About Study 025
Study 025 is a rollover Phase 2 study that includes patients from three trials who only received YERVOY: CA184-008, a single-arm study of YERVOY 10 mg/kg in previously treated patients (n=155); CA184-022, a dose-ranging study in which previously treated patients were randomized to receive YERVOY at 0.3 mg/kg (n=73), 3 mg/kg (n=72), or 10 mg/kg (n=72) with crossover from lower doses to 10 mg/kg allowed in patients whose disease progressed; and CA184-007, a randomized study of YERVOY 10 mg/kg with or without prophylactic budesonide in treatment-naïve (n=53) and previously treated patients (n=62). Treatment was administered every 3 weeks for up to four doses, at which point eligible patients could receive reinduction or maintenance YERVOY every 12 weeks starting at week 24. The analysis reported overall survival with updated last known alive date or death based on data collected through March 2012.
About Metastatic Melanoma
Melanoma is a form of skin cancer characterized by the uncontrolled growth of pigment-producing cells (melanocytes) located in the skin. Metastatic melanoma is the deadliest form of the disease, and occurs when cancer spreads beyond the surface of the skin to other organs, such as the lymph nodes, lungs, brain or other areas of the body. Some cancer cells can actively evade surveillance by the immune system, allowing tumors to survive. Melanoma is mostly curable when treated in its early stages. However, in its late stages, the average survival rate is just 6 months with a 1-year mortality rate of 75%, making it one of the most aggressive forms of cancer. These rates are based on a meta-analysis of 42 Phase 2 trials of more than 2,100 previously-treated and treatment-naïve patients with Stage IV metastatic melanoma conducted by multiple cooperative groups from 1975-2005. The incidence of melanoma has been increasing for at least 30 years. The median age at diagnosis for melanoma is 57 and the median age at death is 67.
On 25March 2011, the US Food and Drug Administration (FDA) approved ipilimumab 3 mg/kg for the treatment of patients with unresectable (inoperable) or metastatic melanoma in the US. On 13 July 2011, the EU approved ipilimumab 3 mg/kg for the treatment of adult patients with previously-treated unresectable or metastatic melanoma.
YERVOY, which is a recombinant, human monoclonal antibody, is the first FDA-approved cancer immunotherapy that blocks the cytotoxic T- lymphocyte antigen-4 (CTLA-4). CTLA-4 is a negative regulator of T-cell activation.Ipilimumab binds to CTLA-4 and blocks the interaction of CTLA-4 with its ligands, CD80/CD86. Blockade of CTLA-4 has been shown to augment T-cell activation and proliferation. The mechanism of action of ipilimumab's effect in patients with melanoma is indirect, possibly through T-cell mediated anti-tumor immune responses.
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About Bristol-Myers Squibb
Bristol-Myers Squibb is a global biopharmaceutical company whose mission is to discover, develop and deliver innovative medicines that help patients prevail over serious diseases.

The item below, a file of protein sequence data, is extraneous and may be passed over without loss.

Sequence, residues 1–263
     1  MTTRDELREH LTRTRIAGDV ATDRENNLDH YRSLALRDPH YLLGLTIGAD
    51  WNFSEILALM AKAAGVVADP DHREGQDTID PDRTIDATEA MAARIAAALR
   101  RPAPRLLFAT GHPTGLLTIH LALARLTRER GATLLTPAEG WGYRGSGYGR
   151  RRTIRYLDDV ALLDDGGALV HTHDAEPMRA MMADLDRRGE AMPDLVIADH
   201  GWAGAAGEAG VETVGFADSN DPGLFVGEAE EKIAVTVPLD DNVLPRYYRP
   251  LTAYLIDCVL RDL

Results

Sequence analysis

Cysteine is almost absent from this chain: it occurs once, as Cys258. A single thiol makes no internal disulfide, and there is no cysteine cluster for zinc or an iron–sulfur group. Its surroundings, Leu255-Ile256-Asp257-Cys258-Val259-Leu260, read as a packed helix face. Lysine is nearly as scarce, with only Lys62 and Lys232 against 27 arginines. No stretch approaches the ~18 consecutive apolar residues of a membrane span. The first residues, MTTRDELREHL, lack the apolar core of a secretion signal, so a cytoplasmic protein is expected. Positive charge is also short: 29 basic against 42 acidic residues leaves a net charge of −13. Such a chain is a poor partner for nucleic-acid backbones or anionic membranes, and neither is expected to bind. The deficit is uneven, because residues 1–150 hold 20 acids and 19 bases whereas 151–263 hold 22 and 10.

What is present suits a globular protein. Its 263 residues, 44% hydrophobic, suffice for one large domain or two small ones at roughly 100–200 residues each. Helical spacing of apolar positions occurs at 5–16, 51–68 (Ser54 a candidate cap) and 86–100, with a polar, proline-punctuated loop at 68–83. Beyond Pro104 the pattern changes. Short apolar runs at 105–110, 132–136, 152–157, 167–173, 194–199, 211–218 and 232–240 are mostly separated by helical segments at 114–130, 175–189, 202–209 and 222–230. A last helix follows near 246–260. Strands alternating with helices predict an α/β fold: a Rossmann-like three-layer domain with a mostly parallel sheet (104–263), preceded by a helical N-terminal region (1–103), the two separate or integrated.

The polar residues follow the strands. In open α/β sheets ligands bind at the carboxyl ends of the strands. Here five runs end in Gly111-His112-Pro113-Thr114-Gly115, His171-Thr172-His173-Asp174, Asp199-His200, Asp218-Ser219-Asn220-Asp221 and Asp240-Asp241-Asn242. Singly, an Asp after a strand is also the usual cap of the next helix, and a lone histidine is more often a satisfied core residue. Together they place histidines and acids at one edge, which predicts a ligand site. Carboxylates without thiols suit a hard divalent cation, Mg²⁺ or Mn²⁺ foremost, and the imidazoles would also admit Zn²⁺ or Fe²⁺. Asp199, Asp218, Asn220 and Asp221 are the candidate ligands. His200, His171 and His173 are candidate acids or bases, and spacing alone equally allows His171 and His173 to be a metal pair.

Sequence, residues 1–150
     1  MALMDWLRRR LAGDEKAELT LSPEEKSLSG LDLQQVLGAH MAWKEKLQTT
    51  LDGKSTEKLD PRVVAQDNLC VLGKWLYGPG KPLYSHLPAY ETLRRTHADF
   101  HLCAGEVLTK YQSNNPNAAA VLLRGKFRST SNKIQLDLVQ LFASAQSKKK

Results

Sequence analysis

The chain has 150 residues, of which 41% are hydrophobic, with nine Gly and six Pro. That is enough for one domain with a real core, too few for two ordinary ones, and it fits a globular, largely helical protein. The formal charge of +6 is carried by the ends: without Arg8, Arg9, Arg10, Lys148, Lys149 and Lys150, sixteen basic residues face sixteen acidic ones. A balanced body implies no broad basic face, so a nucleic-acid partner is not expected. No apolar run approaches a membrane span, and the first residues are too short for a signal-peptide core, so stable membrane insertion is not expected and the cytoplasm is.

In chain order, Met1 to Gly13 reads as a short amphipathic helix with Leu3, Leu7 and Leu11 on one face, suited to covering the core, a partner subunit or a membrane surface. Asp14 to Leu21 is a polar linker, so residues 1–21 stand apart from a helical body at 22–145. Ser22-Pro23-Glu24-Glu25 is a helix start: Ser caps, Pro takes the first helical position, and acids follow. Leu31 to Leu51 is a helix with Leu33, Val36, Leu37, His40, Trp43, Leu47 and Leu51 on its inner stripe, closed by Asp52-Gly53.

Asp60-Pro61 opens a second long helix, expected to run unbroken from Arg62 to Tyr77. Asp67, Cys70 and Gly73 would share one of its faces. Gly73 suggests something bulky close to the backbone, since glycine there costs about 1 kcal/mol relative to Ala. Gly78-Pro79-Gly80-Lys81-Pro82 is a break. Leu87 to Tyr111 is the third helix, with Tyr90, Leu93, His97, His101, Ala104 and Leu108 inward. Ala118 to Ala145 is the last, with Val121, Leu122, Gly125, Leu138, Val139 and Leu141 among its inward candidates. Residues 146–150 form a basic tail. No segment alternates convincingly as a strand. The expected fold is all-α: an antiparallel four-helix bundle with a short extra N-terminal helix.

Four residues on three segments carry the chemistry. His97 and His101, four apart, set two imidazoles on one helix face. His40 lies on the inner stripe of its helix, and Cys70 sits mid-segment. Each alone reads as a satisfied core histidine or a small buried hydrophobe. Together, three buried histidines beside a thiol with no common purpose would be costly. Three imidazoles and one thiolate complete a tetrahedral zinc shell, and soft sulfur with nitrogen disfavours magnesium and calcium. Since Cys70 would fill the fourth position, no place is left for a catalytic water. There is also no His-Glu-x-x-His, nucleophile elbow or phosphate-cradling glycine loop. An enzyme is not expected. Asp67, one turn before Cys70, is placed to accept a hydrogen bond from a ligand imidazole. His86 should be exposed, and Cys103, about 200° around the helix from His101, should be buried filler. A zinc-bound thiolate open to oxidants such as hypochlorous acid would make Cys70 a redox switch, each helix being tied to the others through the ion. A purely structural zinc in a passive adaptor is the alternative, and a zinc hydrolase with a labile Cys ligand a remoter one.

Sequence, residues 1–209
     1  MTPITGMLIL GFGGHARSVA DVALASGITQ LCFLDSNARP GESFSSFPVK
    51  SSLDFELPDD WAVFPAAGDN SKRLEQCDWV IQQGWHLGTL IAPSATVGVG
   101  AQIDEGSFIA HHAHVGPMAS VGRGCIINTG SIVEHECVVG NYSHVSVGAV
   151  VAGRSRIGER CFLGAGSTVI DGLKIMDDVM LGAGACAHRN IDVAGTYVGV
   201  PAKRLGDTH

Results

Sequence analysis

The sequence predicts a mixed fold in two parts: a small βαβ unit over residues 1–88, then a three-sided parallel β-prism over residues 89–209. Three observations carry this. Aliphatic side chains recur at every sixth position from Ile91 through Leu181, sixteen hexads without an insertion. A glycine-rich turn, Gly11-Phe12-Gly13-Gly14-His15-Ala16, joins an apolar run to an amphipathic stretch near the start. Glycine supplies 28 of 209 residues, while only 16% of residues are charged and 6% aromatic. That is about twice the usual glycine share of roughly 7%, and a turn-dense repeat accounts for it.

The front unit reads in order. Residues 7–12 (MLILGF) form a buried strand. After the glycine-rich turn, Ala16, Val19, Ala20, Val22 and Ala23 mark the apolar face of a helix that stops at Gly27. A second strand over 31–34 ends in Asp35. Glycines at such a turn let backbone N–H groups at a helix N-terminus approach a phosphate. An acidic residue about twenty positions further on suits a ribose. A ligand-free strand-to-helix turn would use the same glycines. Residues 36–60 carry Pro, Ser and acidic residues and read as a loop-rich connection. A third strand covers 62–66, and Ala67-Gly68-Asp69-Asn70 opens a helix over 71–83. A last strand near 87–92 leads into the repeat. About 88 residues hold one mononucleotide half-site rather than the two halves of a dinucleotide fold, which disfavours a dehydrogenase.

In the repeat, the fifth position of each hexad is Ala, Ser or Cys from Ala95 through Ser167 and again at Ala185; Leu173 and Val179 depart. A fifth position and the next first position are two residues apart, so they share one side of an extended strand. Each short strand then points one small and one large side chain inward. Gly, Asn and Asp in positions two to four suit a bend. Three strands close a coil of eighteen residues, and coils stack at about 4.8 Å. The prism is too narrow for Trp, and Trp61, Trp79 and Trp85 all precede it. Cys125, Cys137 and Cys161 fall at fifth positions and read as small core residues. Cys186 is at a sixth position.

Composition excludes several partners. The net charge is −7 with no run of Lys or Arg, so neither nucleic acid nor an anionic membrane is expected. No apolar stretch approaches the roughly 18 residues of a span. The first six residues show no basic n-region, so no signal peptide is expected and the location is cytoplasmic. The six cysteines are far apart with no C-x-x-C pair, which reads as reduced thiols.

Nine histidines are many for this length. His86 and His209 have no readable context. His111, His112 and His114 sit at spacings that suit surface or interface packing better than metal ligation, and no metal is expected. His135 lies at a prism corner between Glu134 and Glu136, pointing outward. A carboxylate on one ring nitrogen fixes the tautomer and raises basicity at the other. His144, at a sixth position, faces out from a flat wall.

This press release contains "forward-looking statements" as that term is defined in the Private Securities Litigation Reform Act of 1995 regarding product development. Such forward-looking statements are based on current expectations and involve inherent risks and uncertainties, including factors that could delay, divert or change any of them, and could cause actual outcomes and results to differ materially from current expectations. No forward-looking statement can be guaranteed. Among other risks, there can be no guarantee that the product described in this release will become commercially successful. Forward-looking statements in this press release should be evaluated together with the many uncertainties that affect Bristol-Myers Squibb's business, particularly those identified in the cautionary factors discussion in Bristol-Myers Squibb's Annual Report on Form 10-K for the year ended December 31, 2010, in our Quarterly Reports on Form 10-Q and our Current Reports on Form 8-K. Bristol-Myers Squibb undertakes no obligation to publicly update any forward-looking statement, whether as a result of new information, future events or otherwise.
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2. Wolchok JD, Neyns B, Linette G, et al. Ipilimumab monotherapy in patients with pretreated advanced melanoma: a randomised, double-blind, multicentre, phase 2, dose-ranging study. Lancet Oncol 2010;11:155-164.
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4. Thomas L, Wolchok JD, Garbe C, et al. Safety of ipilimumab in patients (pts) with untreated, advanced melanoma alive beyond 2 years: Results from a phase III study. J Clin Oncol. 2012;30(15s): abstract 8512.
5. National Comprehensive Cancer Network (NCCN) Web site. "NCCN Clinical Practice Guidelines in Oncology (NCCN Guidelines): Melanoma." Available at: http://www.nccn.org/professionals/physician_gls/pdf/melanoma.pdf Accessed on September 19, 2012.